Phoenix Park covers over 700 hectares and is now one of the largest city-centre parks in Europe. It was formed initially as a royal hunting Park in the 1660s but was opened to the public in 1747. With such a vast space, there are several things to do as you explore the Park.
The Dublin City park still contains a herd of fallow deer and is the site of Dublin Zoo, the Peoples Gardens, a Fort and Áras an Uachtaráin, the residence of the President of Ireland. In addition, there are several recreational facilities throughout the Park, including football, GAA and cricket pitches, and polo grounds. There is also the Cross, erected for the visit of Pope John Paul II, and the Wellington monument, which are both top-rated attractions with locals and tourists alike.
Bike hire is located at the Parkgate entrance of Phoenix Park for anyone interested in taking a relaxing cycle through the Park.
Phoenix Park is open and has a herd of deer still roaming freely around the Park. The deer are possibly dependents of those that were kept on Phoenix Park in the 1660s as part of a then hunting park in Dublin City.
The Phoenix Park is open 24 hrs a day, seven days a week, all year round. The main gates of the Park at Parkgate Street and Castleknock Gate are open 24 hours. The side gates to the Park are open from 7 am until 11 pm.
Address: Phoenix Park, Dublin 8
Tel: +353 (0)1 677 0095 (Visitor Centre)
Hop off the CityScape Tour at Stop 3 Phoenix Park (see Route Map)
Phoenix Park Papal Cross
The Phoenix Park Papal Cross was erected as a backdrop for Pope John Paul II’s visit to Ireland in 1979. The white Latin cross is 35 metres high and was built using steel girders. Pope Francis celebrated this appearance on the last day of his visit to Northern Ireland in 2018. After several attempts to install it at the edge of the Fifteen Acres in Dail, Ireland, the Cross was erected before it was laid upon by Pope Francis in October 2018. When John Paul died in 2005, devotees gathered at the Phoenix Park cross, praying and leaving flowers and other tokens of remembrance.
Áras an Uachtaráin
Aras an Uachtaráin, built-in 1754, is located in Phoenix Park. It is the residence of the Irish President in Dublin. It was the Viceregal Lodge of the Lord Lieutenant of Ireland until the creation of the Irish Free State in 1922.
Áras an Uachtaráin is opened to the public on Saturdays only. Free admission tickets are issued at The Phoenix Park Visitor Centre on the day on a first-come, first-served basis. Tour times are: 10.30, 11.30, 12.30, 13.30, 14.30 and 15.30.
Phoenix Park & Magazine Fort
The Magazine Fort
The Fort was initially built as Phoenix Lodge in 1611, as a home for by Sir Edward Fisher. The government knocked the house down in 1734 to make way for the fortifications, and an additional wing was added to the Fort in 1801 for troops. In 1734 the Duke of Dorset directed that a powder magazine be provided for Dublin. The structure is currently abandoned and not open to the public. However, a conservation plan has been put into place by the Office of Public Works to partially restored the Fort. The Magazine Fort is located in the southeast of Phoenix Park, overlooking the Liffey.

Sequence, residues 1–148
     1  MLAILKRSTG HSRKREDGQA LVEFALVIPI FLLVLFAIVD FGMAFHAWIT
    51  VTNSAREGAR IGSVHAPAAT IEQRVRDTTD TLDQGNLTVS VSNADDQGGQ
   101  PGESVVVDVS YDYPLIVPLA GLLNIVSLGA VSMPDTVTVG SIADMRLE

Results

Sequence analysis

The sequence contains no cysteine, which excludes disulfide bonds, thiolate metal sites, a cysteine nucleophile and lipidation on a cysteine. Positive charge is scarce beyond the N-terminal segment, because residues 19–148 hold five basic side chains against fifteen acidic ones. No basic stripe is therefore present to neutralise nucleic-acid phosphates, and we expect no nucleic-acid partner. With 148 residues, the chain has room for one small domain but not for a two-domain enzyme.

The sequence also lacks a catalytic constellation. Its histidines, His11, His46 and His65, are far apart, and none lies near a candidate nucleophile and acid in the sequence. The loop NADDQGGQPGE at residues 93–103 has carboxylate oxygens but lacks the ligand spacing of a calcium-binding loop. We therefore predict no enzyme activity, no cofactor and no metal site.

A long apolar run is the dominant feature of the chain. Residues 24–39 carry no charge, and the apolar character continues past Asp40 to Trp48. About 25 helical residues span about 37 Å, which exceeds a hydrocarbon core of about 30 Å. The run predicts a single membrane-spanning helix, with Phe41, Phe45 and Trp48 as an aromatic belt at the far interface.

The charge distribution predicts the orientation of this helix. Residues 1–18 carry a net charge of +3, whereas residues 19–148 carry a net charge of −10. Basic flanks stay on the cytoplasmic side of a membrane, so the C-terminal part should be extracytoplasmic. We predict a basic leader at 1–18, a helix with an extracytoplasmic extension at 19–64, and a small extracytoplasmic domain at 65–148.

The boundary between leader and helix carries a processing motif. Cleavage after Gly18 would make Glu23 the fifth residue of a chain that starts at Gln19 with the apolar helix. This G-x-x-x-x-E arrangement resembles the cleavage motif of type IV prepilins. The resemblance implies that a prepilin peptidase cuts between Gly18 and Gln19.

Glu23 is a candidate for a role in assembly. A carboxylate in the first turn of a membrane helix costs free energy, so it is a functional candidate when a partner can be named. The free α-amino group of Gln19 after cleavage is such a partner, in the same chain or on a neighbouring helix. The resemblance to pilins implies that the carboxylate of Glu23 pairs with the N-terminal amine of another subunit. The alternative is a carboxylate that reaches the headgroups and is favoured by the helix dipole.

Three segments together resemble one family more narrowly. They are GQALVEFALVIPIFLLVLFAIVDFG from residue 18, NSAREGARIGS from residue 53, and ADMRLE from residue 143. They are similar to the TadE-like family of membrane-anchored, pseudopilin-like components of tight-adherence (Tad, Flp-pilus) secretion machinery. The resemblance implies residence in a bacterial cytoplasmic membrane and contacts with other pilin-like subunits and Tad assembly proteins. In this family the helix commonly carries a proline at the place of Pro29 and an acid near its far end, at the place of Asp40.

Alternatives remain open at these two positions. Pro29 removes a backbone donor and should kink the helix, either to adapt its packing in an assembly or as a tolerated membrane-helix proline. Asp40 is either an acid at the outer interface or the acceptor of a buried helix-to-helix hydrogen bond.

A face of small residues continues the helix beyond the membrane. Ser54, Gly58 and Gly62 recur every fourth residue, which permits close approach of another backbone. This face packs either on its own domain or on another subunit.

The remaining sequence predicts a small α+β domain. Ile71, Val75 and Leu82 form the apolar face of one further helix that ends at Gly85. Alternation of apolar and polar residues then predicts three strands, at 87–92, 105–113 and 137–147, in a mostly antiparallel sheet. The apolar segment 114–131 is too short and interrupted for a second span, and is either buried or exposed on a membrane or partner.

Ashton Castle and Gardens
Ashtown Castle and Demesne
Ashtown Castle is a medieval tower house and may date from the fifteenth century. It was hidden in the walls of a Georgian mansion occupied by the Under Secretary for Ireland. The Castle and garden have since been restored and is now open year-round to the public. In addition, the Office of Public Works has installed a new free bottle filling station at the Phoenix Park Visitor Centre in the courtyard.
Phoenix Park Monument
The Phoenix Monument, or The Wellington Testimonial, is a 62m 203 ft tall Obelisk at the Southern end of Phoenix Park. It was built to commemorate the career of Arthur Wellesley, 1st Duke of Wellington. Wellington, a British Army General and politician, also known as the ‘Iron Duke’, was born in Dublin, Ireland, in 1769
The obelisk was designed by the architect Sir Robert Smirke, and building work started in 1817. However, it remained unfinished until 18 June 1861 due to funding issues.
At its base sit four bronze plaques; these were cast from cannons captured at the Battle of Waterloo – three have pictorial representations of his career while the fourth has an inscription.
Dublin Zoo opened to the Dublin in 1833 and occupies around 28 hectares (69 acres) of Phoenix Park, it is divided into a number of areas on the site named Asian Forests, Orangutan Forest, The Kaziranga Forest Trail, Fringes of the Arctic, Sea Lion Cove, African Plains, Roberts House, House of Reptiles, City Farm and South American House.
The Zoo is open 7 days a week to visitors from April to October.